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Making Connections with Virtual Services

This season for many of us looks a little different professionally than we might have imagined. As some libraries softly launch more in-person interactions, others may be in a constant state of preparation only to discover that making plans is extremely challenging in this current state. Many institutions have determined that moving forward there will always be space for virtual offerings in their service models. While we all have some sense of wishing to unplug, I am trying to reflect on how technology has allowed us to connect in unique ways over the past year and a half. I’m also looking to the future to see how virtual offerings might not necessarily be the end to purposeful experiences for the communities we serve.  

Last week was our first visit to the local Teen Center for a small session of my library’s Adult 101 program. Except for special circumstances, outreach for the most part will continue to be virtual for kids, teens, and adults. As we were eager to start student visits and re-enter schools, looking back on the year we spent hosting virtual visits to the library we were actually able to reach more students via Zoom. Traveling to the library is sometimes a barrier for certain groups, so using a phone and portable tripod became ideal for virtual tours. There were even classrooms that saw areas of the library that are usually not accessible such as the book sorting room. It was worth it just to hear a hundred unmuted kids shouting “Wow!” all at the same time.  

There are ways that technology can improve how libraries collaborate. In a big system, branches and communities have the potential to connect in new ways through programming or service projects. Hosting a joint book group or advocacy program online will open up conversations and learning opportunities that might not happen with kids in the same neighborhood. Thinking globally? Whether you are located in a school media center or public library, reach out to other libraries around the world who might be interested in a collaborative project. Organizations like Roots & Shoots have resources available for student groups. If you want to co-host a STEAM activity, view the Exploratorium’s Teaching and Learning tools.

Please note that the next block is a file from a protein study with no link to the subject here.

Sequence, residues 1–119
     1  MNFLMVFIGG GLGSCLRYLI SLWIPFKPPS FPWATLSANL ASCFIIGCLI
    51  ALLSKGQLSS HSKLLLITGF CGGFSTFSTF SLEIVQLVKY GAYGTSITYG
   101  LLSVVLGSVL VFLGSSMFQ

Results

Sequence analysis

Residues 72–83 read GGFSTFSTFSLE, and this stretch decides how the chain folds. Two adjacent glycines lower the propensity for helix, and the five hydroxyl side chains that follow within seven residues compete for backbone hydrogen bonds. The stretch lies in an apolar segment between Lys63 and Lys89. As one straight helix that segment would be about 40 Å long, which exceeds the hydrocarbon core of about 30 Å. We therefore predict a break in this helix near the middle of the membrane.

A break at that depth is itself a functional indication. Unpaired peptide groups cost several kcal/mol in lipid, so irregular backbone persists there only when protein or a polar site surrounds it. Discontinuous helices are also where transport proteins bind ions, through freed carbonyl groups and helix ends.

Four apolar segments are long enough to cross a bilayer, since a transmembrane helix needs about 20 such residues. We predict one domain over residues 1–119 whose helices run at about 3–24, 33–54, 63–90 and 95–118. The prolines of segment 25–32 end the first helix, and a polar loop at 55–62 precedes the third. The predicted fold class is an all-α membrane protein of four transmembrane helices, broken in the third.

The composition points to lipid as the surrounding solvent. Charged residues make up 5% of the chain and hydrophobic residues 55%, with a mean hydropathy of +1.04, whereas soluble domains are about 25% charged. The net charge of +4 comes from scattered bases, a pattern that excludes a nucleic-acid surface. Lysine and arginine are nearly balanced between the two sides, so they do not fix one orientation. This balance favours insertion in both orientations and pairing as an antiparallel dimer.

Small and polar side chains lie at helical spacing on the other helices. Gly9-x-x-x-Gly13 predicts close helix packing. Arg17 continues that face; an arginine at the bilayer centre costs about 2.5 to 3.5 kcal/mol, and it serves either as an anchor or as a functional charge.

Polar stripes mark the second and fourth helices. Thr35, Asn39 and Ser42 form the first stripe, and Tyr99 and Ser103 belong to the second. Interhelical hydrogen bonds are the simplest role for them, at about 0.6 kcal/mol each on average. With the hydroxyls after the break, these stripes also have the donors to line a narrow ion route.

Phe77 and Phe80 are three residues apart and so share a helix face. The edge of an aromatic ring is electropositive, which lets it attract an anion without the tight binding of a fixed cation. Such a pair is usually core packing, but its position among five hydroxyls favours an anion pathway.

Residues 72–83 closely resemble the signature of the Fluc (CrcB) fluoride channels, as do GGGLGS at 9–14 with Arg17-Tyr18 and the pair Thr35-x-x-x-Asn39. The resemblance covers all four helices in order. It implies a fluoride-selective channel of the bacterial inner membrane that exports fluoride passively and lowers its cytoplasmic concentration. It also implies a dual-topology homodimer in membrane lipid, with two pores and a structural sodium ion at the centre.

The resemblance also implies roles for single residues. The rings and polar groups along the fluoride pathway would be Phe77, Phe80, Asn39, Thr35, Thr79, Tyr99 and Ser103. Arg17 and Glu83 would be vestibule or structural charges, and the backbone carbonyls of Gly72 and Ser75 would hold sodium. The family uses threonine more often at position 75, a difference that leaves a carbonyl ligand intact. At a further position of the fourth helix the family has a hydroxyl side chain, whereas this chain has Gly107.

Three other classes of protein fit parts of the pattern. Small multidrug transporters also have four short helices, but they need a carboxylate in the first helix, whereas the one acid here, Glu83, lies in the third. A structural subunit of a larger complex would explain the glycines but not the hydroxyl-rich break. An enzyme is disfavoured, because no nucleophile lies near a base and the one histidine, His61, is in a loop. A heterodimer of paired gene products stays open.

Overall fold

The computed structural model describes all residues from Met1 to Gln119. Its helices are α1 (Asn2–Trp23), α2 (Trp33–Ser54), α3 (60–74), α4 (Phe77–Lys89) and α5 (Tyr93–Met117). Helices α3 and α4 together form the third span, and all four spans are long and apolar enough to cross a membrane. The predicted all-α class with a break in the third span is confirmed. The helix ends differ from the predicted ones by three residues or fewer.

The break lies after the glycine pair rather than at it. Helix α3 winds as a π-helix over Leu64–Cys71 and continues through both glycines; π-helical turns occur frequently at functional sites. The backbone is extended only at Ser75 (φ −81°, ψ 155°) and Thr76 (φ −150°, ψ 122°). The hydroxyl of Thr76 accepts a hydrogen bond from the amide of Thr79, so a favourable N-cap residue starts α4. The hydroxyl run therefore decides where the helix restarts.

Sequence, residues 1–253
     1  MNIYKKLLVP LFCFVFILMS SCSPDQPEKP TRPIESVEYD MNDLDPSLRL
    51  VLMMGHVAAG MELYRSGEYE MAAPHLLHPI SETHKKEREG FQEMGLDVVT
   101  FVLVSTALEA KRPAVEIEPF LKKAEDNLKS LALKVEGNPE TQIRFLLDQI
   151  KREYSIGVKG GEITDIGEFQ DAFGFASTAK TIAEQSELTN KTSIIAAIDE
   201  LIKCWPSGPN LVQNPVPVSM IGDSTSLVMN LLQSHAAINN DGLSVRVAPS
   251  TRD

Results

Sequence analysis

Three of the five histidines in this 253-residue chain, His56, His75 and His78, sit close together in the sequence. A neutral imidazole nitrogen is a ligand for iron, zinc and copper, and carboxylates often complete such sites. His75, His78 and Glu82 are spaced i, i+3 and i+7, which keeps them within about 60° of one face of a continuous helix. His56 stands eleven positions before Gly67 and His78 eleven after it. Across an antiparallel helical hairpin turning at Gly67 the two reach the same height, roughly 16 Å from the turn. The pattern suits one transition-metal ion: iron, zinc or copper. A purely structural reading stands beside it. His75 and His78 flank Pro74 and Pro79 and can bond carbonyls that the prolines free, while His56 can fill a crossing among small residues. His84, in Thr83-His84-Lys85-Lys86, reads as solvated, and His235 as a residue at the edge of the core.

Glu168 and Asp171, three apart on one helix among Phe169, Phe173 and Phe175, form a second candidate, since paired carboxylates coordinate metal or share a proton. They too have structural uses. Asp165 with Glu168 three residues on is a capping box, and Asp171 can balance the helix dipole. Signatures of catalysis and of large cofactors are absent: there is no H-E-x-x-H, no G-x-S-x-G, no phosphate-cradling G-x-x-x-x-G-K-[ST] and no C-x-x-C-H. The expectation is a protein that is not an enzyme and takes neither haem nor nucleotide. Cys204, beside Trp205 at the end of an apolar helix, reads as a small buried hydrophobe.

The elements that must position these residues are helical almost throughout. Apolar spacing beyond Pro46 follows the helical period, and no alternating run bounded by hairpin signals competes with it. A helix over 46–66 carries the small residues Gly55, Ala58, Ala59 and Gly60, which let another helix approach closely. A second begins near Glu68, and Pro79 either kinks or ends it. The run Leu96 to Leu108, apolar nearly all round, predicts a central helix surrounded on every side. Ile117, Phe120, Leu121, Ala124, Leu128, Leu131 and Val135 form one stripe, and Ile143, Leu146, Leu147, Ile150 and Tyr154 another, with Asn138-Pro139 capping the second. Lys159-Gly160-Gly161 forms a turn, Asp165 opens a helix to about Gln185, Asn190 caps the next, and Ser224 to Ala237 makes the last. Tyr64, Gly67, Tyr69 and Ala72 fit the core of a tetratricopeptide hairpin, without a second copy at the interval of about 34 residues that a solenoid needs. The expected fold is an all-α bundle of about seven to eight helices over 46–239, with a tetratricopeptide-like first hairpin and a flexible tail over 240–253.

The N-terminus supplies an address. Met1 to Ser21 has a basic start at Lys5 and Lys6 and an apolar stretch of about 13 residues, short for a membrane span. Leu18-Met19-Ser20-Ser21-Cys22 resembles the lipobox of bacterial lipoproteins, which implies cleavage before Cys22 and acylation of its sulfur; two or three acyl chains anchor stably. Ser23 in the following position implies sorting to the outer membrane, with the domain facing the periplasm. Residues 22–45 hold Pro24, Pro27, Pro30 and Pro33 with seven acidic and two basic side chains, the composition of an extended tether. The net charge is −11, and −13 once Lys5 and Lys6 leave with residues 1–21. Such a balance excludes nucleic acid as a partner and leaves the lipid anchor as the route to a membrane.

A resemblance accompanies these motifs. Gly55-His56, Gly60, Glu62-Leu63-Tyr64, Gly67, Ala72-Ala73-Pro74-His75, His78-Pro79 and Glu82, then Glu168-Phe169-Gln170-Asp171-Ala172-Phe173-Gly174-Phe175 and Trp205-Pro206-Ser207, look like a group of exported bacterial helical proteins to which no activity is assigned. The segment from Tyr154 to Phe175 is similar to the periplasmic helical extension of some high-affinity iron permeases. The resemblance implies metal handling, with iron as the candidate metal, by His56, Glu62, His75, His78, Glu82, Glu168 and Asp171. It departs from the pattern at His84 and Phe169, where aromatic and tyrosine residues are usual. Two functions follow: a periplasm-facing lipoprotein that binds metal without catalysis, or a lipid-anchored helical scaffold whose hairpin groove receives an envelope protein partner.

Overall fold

Libraries can also continue to provide learning opportunities on their websites, much like we saw in the spring of 2020. El Segundo Library in California provides a robust list of educational links for all ages called Free Your Mind Resources. While we might have assumed that updating these at-home activities might have subsided, the quality of resources libraries can showcase to patrons has only grown. Patrons have thoroughly enjoyed the increased number of virtual author talks that have happened over the past year courtesy of publishers, book stores, and creators. Giving kids the chance to see and engage with their favorite writers and illustrators on the screen is something that budgets might have restricted in the past.  

Speaking of programming, libraries leveraged digital capabilities in many ways, including letting their communities experience things that could not have occurred collectively otherwise. Darien Library in Connecticut hosted a slew of digital programs in 2020/2021 and this summer for their library’s Great Darien Road Trip, they held a Meet a Ranger series. “Road trips and national parks feel like they go hand in hand to me—I thought that it could be a cool opportunity for our community if we could go on a tour through America’s National Parks,” says Samantha Cardone, Children’s Program Coordinator. The Library explored Yellowstone, Zion, and the Everglades National Parks focusing on flora and fauna, pollinators, and “in the field” experiences. The library is hopeful that the series inspired kids to explore the world around them, as well as spark an interest in the National Parks, travel, and the environment.  

As we enter into the Fall how is your library still providing virtual services to the community? Can you think of unique ways to connect using technology with children, caregivers, and families? 

Claire Moore is a member of the ALSC Children and Technology Committee She is a youth services librarian in a small beach city library in Southern California. When she is not connecting with kids and teens in the library, she enjoys playing tennis and remembering storytime rhymes to share with her toddler. 

This post addresses core competencies III. Programming Skills and V. Outreach and Advocacy. 

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